was a possible relative, whereas Demetrios III
Demetrios III
Demetrius III Aniketos "The Invincible" is here identified with an Indo-Greek king who reigned in the area of Gandhara and Punjab.-Controversy about time of reign:...

 (c.100 BC
100 BC
Year 100 BC was a year of the pre-Julian Roman calendar. At the time it was known as the Year of the Consulship of Marius and Flaccus...

), is known only from numismatic
Numismatics
Numismatics is the study or collection of currency, including coins, tokens, paper money, and related objects. While numismatists are often characterized as students or collectors of coins, the discipline also includes the broader study of money and other payment media used to resolve debts and the...

 evidence.

Encounter with Antiochus III



The father of Demetrius, Euthydemus
Euthydemus I
Euthydemus I , Greco-Bactrian king in about 230 or 223 BCE according to Polybius., he is thought to have originally been a Satrap of Sogdiana, who overturned the dynasty of Diodotus of Bactria and became a Greco-Bactrian king. Strabo, on the other hand, correlates his accession with internal...

, was attacked by the Seleucid ruler Antiochus III around 210 BC. Although he commanded 10,000 horsemen, Euthydemus initially lost a battle on the Arius and had to retreat. He then successfully resisted a three-year siege in the fortified city of Bactra, before Antiochus finally decided to recognize the new ruler.

The final negotiations were made between Antiochus III and Demetrius. Antiochus III was reportedly highly impressed by the demeanour of the young prince, and offered him one of his daughters in marriage, around 206 BC
206 BC
Year 206 BC was a year of the pre-Julian Roman calendar. At the time it was known as the Year of the Consulship of Philo and Metellus...

:
"And after several journeys of Teleas to and fro between the two, Euthydemus at last sent his son Demetrius to confirm the terms of the treaty. Antiochus received the young prince; and judging from his appearance, conversation, and the dignity of his manners that he was worthy of royal power, he first promised to give him one of his own daughters, and secondly conceded the royal title to his father." Polybius 11.34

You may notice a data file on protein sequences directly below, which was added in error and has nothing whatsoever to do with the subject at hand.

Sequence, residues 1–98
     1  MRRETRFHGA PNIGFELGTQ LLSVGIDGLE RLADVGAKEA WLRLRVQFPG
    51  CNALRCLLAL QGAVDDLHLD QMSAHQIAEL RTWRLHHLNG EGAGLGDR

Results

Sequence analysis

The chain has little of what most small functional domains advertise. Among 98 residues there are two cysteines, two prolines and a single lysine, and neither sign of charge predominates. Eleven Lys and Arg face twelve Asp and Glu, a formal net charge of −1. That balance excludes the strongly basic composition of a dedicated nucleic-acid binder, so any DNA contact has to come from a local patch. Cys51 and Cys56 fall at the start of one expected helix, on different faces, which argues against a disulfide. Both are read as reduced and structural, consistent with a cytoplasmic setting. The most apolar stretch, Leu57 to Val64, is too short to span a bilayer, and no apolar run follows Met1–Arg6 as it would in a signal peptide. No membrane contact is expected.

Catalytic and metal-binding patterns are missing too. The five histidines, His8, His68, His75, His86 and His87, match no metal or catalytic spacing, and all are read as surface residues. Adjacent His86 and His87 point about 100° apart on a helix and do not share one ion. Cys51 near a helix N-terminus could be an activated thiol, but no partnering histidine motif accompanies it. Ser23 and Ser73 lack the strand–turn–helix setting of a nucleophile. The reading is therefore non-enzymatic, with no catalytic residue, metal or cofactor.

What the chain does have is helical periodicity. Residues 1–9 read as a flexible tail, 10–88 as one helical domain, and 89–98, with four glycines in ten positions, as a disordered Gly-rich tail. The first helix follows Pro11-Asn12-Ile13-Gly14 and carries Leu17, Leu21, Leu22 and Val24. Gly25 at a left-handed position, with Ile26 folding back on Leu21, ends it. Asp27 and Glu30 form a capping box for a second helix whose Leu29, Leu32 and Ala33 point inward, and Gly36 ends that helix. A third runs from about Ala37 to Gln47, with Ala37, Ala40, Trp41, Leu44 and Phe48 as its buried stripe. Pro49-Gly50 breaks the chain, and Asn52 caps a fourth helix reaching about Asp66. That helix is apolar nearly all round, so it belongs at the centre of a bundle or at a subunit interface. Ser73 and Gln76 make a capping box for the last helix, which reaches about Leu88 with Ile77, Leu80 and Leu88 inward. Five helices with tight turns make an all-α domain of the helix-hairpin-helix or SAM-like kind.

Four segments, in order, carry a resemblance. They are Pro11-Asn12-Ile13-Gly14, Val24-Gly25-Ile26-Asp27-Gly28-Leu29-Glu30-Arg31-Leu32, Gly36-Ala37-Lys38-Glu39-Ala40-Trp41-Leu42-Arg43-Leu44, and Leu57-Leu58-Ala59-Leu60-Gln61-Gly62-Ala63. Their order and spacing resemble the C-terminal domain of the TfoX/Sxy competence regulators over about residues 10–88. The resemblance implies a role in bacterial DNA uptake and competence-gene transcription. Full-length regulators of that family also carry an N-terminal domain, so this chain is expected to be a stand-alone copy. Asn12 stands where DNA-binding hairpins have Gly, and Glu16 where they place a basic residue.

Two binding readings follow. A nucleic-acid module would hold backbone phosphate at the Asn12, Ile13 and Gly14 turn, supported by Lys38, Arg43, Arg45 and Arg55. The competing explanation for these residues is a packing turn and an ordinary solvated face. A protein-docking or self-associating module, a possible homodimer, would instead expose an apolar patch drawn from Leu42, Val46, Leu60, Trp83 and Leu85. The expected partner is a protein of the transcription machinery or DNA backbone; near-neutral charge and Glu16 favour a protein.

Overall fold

The term used for "young prince" is neaniskos (νεανίσκος), suggesting an age around 16, which in turn gives a birth date for Demetrius around 222 BC.

Invasion of India


Demetrius started the invasion of northwestern India from 180 BC
180 BC
Year 180 BC was a year of the pre-Julian Roman calendar. At the time it was known as the Year of the Consulship of Luscus and Piso/Flaccus...

, following the destruction of the Mauryan dynasty by the general Pusyamitra Sunga
Pusyamitra Sunga
Pusyamitra Sunga was the founder and first King of the Sunga Dynasty in Northern India.Pusyamitra Sunga was originally a Senapati of the Mauryan empire. In 185 BCE he assassinated the last Mauryan Emperor during an army review, and proclaimed himself King...

, who then founded the new Indian Sunga dynasty (185
185 BC
Year 185 BC was a year of the pre-Julian Roman calendar. At the time it was known as the Year of the Consulship of Pulcher and Puditanus...

-78 BC
78 BC
Year 78 BC was a year of the pre-Julian Roman calendar. At the time it was known as the Year of the Consulship of Lepidus and Catulus...

). The Mauryans had had diplomatic alliances with the Greeks, and they may have been considered as allies by the Greco-Bactrians. The Greco-Bactrians may also have invaded India in order to protect Greek populations in the subcontinent.

Demetrius may have first started to recover the province of Arachosia
Arachosia
Arachosia is the Latinized form of the Greek name of an Achaemenid and Seleucid governorate in the eastern part of their respective empires, around modern-day southern Afghanistan. The Greek term "Arachosia" corresponds to the Iranian land of Harauti which was between Kandahar in Afghanistan and...

, an area south of the Hindu Kush already inhabited by many Greeks but ruled by the Mauryas since the liberation of the territory by Chandragupta
Chandragupta Maurya